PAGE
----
In addition, a single high-flux hemodialysis session leads to a decrease and almost normalization in H2O2 production by neutrophils regardless of the membrane used [28]. Consistent with an increased production of ROS, proteins and lipids from HD patients exhibit higher levels of oxidation as evidenced by an increase in protein carbonyl groups and advanced protein oxidation products [29]. These oxidated proteins are capable to stimulate monocytes and exert an pro-inflammatory effects themselves [13]. When renal failure proceeds, more and more uremic solutes accumulate that may serve as targets for increased oxidation. Thus, some authors concluded that the primary stimulus for oxidative stress in renal failure patients is uremia per se and not the dialysis procedure [30].

An additional factor contributing to oxidative stress in uremia may be therapy with intravenous iron. Intravenous iron can release free iron that may react with hydrogen peroxide to produce the strong oxidant hydroxyl radical. Drueke at al reported that in HD patients, AOPP levels correlate with serum-ferritin and the dose of intravenous iron [31].

Furthermore, early signs of atherosclerosis (wall-to-lumen ratio) were associated with plasma AOPP, serum ferritin, and the annual intravenous iron dose administered [31]. Thus, iron overload should be avoided.


According to PubMed, there have been 610 publications on biocompatibility and hemodialysis within the last 20 years. The term biocompatibility involves coagulation, thrombocytes, leukocytes, complement activation, cytokine and bradykinin production, each of which may affect inflammation. Craddock described the activation of the alternative complement pathway by cuprophan in 1977 [32]. Activated complement factors such as C3a and C5a rise during HD and reach maximal levels after 15 to 30 minutes. At the same time, leukopenia is maximal. There are large differences between membranes in complement activation.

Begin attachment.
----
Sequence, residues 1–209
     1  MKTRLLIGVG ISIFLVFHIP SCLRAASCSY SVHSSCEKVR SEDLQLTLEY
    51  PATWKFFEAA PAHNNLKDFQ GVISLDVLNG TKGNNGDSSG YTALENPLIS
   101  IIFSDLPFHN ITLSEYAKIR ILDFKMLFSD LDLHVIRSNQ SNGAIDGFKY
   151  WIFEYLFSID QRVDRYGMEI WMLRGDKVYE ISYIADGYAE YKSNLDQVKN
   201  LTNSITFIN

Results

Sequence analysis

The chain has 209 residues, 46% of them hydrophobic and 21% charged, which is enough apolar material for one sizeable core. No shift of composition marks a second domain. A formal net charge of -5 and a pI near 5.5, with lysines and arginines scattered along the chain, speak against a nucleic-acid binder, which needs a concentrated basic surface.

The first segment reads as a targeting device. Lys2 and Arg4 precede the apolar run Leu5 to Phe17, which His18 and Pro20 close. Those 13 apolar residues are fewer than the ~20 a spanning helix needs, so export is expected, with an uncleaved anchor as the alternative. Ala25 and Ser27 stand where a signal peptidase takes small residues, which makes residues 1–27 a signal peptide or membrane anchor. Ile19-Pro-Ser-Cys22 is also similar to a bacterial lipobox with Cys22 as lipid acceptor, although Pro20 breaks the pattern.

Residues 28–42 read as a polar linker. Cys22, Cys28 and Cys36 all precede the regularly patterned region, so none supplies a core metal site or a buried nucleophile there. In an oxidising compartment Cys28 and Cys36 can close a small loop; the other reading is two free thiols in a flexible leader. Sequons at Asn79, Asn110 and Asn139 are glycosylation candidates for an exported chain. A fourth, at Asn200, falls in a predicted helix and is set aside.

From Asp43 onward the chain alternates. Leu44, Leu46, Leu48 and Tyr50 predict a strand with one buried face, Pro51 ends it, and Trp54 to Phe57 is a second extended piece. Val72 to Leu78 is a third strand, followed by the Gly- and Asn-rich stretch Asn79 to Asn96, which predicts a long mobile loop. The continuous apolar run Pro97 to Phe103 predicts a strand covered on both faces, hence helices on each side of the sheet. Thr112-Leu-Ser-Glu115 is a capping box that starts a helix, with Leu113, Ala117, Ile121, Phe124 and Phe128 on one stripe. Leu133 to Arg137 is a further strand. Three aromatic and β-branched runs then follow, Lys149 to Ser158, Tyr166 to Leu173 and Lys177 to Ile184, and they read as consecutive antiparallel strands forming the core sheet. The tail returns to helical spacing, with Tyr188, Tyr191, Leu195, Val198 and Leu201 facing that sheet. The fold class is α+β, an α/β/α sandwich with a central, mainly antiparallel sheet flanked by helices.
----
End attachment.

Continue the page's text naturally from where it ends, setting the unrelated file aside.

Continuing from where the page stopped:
Usually, cellulosic membranes in which polar OH-groups are substituted with acetyl- or DEAE-groups or synthetic membranes activate less complement. Complement factors C3a and C5a activate granulocytes but also monocytes that subsequently become "primed" to produce cytokines. Cells exiting a cuprophan dialyzer express large amounts of mRNA for IL-1 and IL-6 while HD with non-complement-activating membranes express much less mRNA for these cytokines [33].

When subsequently stimulated with endotoxin, these mRNA-expressing cells are sensitised to produce much more cytokines than non-activated cells. During the course of granulocyte activation, these cells release their granular products (elastase, myeloperoxidase, lactoferrin) and express surface markers such as CD11b, Mac-1 or CD66b [34]. While the latter process is also mainly dependent on complement activation, degranulation is not complement-dependent but is also observed with the use of reused cuprophan membranes that activate little complement.

In vivo studies underline the clinical relevance of these observations and support membrane differences regarding induction of inflammatory processes. For instance, Tayeb et al switched hemodialysis patients from cuprammonium membranes to polysulfone [35]. Serum albumin levels increased significantly both in patients with and without diabetes. Memoli et al. dialyzed the same patients with cuprophan, synthetically modified cellulosic membranes and cellulose diacetate [36]. The authors observed significant differences in plasma levels of CRP, IL-6 and albumin between membranes. During dialysis with cuprophan higher levels of CRP and IL-6 and lower levels of albumin were observed.